You managed to get over that writer’s block and write. But now comes the hard part – editing. Not everyone likes to do it, but it has to be done. Explain the important things to look for when it comes to editing, or give advice on how to make editing easier.
Perhaps look at editing techniques. Rereading as a reader and not a writer, as if you don't know what happens and see how well you understand your own piece, look for the common misspellings and punctuation, an error in development, inconsistencies, perhaps taking note of everything you build up for and state as fact in your piece just in case you do an inconsistency later. – SpectreWriter6 years ago
Editing is crucial to the writing process. Young writers starting out are especially uncomfortable with editing, but it is a crucial skill that must be developed in order to become successful. Perhaps stress this, and then as mentioned above, provide tips on editing techniques. The editing process at newspapers and other publications is extremely thorough and usually runs on a schedule: hard due dates, one day set aside for flats, another for first draft, another for peer editing, and then blocking. Peer review is extremely beneficial if done at a later time in the writing process. Editing on a "flat", or printed copy, is also a good tip. It's easier to find mistakes on a printed piece that don't show up as well digitally. – Emilie Medland-Marchen6 years ago
Definitely! From self-editing to peer editing to critiques! Perhaps you'd like to look at the difference kinds of editing in the story telling business - TV, film, animation, literature, playwriting. Dramaturgy is a vital aspect of new script writing, and passionate dramaturges are a rare find! A good playwright and dramaturge pairing listen to each other, understand their needs. To find a good editor/dramaturge, I've learned, the writer needs to know how they work and what they need from an outside force to succeed. – yase6 years ago
I think what scares most people about editing is simply how many rules there are. There is such a heavy emphasis on "correctness," and no matter how much you edit it seems impossible to get it perfect. It is definitely much easier to edit other's work than it is one's own.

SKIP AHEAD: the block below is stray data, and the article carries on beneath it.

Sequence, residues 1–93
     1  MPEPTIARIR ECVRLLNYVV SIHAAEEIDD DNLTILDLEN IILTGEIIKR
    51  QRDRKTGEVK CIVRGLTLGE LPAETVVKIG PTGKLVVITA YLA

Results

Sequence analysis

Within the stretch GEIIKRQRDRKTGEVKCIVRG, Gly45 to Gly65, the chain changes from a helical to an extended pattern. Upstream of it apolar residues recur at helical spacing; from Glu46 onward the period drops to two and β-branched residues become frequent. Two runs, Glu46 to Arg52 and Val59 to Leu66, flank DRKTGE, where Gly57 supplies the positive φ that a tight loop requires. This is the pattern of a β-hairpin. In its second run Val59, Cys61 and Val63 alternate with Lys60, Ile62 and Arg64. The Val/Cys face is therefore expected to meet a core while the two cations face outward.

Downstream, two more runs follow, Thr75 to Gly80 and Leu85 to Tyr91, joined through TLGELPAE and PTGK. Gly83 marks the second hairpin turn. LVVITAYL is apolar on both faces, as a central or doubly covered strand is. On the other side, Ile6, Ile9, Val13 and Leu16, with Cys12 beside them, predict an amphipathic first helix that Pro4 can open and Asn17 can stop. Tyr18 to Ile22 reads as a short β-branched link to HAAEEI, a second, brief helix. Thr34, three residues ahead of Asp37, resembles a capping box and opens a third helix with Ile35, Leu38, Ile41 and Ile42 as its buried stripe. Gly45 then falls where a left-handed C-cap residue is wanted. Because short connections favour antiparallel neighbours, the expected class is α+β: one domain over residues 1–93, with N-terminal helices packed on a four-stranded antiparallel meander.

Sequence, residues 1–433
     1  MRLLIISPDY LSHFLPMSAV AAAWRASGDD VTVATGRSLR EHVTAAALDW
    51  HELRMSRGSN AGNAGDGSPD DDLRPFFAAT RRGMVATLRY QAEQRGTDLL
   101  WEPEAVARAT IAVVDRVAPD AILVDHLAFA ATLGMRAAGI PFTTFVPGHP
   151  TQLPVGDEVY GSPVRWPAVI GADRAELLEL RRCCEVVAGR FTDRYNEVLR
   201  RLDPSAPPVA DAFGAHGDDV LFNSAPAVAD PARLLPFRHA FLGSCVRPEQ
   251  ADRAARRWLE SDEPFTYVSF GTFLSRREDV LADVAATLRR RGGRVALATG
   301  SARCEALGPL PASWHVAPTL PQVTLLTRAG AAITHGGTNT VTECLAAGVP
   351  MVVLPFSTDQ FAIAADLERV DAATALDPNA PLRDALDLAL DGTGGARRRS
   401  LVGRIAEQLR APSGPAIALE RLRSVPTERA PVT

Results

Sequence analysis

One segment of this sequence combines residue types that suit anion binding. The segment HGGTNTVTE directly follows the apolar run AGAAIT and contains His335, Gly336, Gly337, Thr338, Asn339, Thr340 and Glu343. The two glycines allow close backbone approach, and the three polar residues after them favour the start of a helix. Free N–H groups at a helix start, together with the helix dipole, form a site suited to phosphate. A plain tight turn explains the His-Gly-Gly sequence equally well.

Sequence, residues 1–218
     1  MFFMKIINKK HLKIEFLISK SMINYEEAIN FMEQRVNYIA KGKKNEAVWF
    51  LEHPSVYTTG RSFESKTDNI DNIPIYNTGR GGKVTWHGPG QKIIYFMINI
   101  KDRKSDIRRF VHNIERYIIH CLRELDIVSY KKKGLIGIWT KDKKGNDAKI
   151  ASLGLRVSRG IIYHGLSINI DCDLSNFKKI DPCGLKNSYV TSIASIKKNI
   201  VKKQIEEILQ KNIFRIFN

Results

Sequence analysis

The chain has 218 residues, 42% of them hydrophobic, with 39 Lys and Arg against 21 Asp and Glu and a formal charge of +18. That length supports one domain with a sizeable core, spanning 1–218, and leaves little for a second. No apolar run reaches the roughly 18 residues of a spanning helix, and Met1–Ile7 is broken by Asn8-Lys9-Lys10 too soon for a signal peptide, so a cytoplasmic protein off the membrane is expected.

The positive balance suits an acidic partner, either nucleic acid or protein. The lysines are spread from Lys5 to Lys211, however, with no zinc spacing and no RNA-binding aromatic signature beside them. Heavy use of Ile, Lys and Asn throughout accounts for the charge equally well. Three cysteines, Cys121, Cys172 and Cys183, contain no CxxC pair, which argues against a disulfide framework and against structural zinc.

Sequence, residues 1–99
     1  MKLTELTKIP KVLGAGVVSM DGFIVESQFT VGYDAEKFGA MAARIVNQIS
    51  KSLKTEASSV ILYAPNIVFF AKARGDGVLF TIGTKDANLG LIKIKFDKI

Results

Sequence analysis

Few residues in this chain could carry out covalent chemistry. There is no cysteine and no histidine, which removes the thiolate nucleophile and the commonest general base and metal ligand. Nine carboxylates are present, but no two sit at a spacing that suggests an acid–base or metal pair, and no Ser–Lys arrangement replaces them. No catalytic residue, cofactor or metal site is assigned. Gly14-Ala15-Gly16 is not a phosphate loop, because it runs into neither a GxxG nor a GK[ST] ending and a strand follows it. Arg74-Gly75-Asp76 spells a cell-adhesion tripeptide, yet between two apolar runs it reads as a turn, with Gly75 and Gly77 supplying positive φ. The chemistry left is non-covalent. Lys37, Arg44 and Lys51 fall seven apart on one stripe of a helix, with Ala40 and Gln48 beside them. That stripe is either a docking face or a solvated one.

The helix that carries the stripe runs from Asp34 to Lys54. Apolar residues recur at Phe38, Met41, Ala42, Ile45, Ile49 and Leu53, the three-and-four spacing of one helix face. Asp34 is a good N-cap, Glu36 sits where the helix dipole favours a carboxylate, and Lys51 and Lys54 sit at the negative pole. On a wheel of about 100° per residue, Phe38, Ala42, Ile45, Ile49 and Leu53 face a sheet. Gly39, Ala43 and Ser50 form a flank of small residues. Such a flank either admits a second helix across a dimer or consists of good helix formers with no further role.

I'd love to see the writer here explore the differences, or psychological reasons for, editing one's own work versus editing another's. There's some great research already being done on the topic, but I'd love to see it given that Artifice take. – G Anderson Lake6 years ago
I think so much of the writing process is editing. Starting to write is one of the hardest parts, and for me, it involves a lot of free writing just to get the thoughts out on paper. Afterwards, it's looking for grammatical errors, fixing sentence structure, rephrasing different parts to make the words flow more fluidly. Editing is necessary because it's refining those initial thoughts and ideas, and coming back to your writing gives you a chance to read your work over with a new perspective. – Kim6 years ago
I enjoy editing someone else's work but not my own. It makes me very anxious. It's simply not pleasant, and I know it shouldn't be this way. I should enjoy editing my work as much as I enjoy writing it. What helps me a little is having a physical copy of my work in front of me. It reads differently in print, and very often you are able to identify your mistakes more easily. I wonder how the process of editing used to be in, let's say, the 18th and 19th century. I have this pre-conceived idea that writers of that time did not need to edit their work very much. Anyone know if there has been research done on this? I think it would be interesting to compare the editing techniques of that time with the ones today. – Desexualize the Banana6 years ago